Mailbag: How about Josh Beckett for Jason Bay?
Matthew Cerrone , Lead Writer
MetsBlog reader Bryan Molloy sent me an e-mail asking:
“Would it be crazy to explore a Josh Beckett-for-Jason Bay deal with the Red Sox? I realize that the Mets are probably already counting on dropping Bay’s salary after the 2013 season, and Beckett has another year after that. But, what if the Sox agreed to pay half of Becketts 2014 deal? You’d be looking at beckett in a contract year – perhaps the last big payday contract of his career – for half price. Plus, you’d get the 2013 season where you know he’d want to prove Boston wrong (aided by a switch to the National League). This could easily be something Boston wants no part of. However, I have a lot of friends who are Sox fans and – to a man – they all would love to jettison Beckett ASAP… even for Bay, and even paying half of Beckett’s 2014 season.”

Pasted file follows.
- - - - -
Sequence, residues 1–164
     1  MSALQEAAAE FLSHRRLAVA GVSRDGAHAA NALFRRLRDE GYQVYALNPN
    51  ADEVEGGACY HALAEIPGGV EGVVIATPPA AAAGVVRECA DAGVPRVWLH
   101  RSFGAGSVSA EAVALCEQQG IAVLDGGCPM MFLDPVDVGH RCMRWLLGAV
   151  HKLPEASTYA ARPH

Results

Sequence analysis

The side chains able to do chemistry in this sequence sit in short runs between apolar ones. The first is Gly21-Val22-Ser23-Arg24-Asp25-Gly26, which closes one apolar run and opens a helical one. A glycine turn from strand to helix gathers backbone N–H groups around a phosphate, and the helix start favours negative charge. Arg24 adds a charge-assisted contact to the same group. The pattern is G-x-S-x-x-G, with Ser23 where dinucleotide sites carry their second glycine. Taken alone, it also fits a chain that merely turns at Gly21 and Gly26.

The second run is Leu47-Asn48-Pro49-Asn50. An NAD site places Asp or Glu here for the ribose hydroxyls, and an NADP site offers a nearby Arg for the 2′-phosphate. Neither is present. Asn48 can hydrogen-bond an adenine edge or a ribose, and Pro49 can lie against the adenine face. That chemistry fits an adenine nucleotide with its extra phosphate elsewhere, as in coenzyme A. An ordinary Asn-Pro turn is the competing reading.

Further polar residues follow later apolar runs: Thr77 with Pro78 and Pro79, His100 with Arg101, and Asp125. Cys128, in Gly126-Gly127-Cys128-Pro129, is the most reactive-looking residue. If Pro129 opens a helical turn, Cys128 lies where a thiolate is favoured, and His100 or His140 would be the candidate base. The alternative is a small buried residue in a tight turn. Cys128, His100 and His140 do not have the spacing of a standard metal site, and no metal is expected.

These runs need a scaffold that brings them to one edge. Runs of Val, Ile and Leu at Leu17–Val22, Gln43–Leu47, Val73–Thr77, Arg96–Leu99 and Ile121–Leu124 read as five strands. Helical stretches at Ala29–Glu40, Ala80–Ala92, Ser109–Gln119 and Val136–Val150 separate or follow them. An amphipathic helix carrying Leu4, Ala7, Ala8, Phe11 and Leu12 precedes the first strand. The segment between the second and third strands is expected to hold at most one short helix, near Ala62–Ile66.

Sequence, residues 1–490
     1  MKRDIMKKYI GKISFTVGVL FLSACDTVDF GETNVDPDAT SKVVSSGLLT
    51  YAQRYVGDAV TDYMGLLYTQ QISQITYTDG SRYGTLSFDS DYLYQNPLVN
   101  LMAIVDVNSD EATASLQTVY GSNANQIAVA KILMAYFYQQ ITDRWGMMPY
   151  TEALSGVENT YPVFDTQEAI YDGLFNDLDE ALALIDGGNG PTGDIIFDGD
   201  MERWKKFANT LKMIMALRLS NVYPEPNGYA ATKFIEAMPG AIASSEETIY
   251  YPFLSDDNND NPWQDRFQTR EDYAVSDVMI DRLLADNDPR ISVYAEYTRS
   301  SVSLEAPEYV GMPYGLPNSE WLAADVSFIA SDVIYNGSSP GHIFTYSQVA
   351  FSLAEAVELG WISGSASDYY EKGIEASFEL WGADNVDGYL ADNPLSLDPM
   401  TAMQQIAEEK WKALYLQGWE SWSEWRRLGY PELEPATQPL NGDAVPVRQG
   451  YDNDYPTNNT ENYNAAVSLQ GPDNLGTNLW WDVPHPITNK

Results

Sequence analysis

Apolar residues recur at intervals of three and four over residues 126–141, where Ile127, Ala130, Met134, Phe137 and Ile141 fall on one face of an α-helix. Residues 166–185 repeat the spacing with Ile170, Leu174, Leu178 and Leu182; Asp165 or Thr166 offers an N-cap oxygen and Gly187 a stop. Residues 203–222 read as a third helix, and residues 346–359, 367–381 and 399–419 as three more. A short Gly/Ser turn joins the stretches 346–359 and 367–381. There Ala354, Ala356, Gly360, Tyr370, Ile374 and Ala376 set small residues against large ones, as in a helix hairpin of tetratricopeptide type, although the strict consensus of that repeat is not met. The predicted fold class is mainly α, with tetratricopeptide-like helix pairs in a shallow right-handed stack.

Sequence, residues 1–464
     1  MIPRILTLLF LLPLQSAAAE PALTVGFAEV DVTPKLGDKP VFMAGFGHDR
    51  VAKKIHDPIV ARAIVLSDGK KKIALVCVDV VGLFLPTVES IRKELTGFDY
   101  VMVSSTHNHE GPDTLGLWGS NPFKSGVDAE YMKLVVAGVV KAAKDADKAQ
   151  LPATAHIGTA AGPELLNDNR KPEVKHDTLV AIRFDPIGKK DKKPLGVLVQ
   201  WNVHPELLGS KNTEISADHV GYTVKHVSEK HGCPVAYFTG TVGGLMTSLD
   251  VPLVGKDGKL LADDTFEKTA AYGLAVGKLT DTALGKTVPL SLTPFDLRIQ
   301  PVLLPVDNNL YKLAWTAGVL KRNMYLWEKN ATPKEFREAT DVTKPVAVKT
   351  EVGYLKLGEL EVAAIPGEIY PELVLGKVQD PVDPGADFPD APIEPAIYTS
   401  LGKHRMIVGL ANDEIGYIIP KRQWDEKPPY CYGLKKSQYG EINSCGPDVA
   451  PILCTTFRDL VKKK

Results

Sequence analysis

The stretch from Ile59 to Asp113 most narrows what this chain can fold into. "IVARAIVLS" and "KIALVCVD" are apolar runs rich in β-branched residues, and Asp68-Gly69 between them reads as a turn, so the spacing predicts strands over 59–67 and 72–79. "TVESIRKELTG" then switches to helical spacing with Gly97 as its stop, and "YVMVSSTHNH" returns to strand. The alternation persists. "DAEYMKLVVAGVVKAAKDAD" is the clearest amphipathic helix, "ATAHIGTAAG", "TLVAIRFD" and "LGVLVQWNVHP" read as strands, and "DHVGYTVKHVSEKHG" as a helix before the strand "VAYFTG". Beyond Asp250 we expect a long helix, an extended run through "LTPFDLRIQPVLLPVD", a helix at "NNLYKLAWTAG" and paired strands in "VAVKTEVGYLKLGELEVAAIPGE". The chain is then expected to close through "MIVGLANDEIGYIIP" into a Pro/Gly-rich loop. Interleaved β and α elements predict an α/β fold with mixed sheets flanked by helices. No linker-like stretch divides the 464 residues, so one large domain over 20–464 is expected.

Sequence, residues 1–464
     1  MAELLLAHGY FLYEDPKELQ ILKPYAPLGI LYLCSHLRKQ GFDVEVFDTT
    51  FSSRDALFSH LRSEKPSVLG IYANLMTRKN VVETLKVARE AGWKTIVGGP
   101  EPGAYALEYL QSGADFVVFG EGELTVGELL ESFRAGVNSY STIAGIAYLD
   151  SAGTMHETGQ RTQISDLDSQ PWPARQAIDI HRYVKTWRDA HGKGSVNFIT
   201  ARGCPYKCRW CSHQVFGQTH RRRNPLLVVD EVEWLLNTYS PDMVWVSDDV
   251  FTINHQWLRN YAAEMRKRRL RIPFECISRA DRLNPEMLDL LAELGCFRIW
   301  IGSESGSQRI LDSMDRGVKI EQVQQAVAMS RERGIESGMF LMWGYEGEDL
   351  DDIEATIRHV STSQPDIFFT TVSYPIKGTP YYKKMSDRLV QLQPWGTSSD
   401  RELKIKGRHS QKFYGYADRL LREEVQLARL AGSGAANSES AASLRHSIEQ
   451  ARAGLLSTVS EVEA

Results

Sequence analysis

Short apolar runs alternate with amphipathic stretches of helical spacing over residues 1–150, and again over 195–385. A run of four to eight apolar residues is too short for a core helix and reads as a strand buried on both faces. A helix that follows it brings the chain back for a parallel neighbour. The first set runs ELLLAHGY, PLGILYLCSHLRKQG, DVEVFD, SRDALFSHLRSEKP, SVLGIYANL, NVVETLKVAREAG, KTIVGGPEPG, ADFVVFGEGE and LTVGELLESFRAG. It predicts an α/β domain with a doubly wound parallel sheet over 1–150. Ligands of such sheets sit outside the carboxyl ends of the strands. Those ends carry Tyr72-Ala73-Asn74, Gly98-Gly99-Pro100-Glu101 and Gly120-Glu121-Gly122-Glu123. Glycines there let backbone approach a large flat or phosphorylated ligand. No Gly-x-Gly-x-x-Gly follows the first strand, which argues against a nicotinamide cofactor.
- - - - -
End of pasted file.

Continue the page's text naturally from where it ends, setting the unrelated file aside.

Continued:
It’s an interesting idea and one that had been discussed last winter, from what I recall, though I get no sense the Mets and Sox have discussed much this summer.
Beckett is due $15.75 million this year, as well as in 2013 and 2014. The word in baseball is that Boston has been pushing Beckett on other teams, specifically the Braves and Rangers, since the end of last year. However, I’ve been told by friends in Boston to expect Beckett to stay point, at least through the end of this month. In fact, they say the Sox are looking to acquire pitching, not trade it. In addition, Beckett can veto any trade, Boston is just four games back of the Wild Card and they’re all having a difficult time seeing eye to eye with other teams on how much of his salary should be paid to complete a deal.
Of course, if some team jumps up and offers to absorb most of Beckett’s money, I believe the Sox would do it. But, short of that, I think he’s staying put… for now.
In terms of Bay, it’s looking like he’ll need to get a full 600 at bats in 2013 to lock in his $16 million option for 2014. I don’t see that happening. For starters, I agree, I think Bay could easily be released this winter – if not sooner. And, if he isn’t, it will not be difficult for the Mets (or any other team) to find ways to keep Bay from getting those 600 at bats, assuming they decide he can’t return the following season.
Bay has a full no trade clause, but I assume he’d jump at the chance to pack his bags and get as far away from this situation as possible.